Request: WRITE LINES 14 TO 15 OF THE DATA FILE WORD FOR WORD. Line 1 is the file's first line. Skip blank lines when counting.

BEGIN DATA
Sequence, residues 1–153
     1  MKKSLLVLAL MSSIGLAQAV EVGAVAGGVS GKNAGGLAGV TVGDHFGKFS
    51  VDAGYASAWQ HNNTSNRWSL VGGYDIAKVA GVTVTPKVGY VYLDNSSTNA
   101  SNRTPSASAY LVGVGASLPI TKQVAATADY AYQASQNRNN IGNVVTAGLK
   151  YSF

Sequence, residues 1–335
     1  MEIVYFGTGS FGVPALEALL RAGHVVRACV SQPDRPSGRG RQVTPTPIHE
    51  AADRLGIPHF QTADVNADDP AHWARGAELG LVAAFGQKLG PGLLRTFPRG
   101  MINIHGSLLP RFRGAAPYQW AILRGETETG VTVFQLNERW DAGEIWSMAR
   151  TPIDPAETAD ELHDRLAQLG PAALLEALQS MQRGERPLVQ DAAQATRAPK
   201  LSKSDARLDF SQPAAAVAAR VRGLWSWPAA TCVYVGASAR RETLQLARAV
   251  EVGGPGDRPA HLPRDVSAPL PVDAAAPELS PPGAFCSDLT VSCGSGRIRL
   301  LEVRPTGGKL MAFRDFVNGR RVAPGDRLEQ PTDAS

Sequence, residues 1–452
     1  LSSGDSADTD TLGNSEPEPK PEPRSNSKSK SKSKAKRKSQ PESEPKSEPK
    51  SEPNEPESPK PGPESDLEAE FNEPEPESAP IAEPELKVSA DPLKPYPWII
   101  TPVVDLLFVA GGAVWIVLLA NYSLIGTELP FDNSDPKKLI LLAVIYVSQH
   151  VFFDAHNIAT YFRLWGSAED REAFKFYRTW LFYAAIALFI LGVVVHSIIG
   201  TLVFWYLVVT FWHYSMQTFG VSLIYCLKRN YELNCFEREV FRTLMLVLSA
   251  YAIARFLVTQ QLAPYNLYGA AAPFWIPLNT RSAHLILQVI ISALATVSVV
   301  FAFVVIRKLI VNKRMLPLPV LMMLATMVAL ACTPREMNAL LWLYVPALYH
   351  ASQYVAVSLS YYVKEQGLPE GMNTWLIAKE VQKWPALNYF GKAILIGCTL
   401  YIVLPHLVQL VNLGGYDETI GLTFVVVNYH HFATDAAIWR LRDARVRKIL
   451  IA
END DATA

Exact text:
Sequence, residues 1–452
     1  LSSGDSADTD TLGNSEPEPK PEPRSNSKSK SKSKAKRKSQ PESEPKSEPK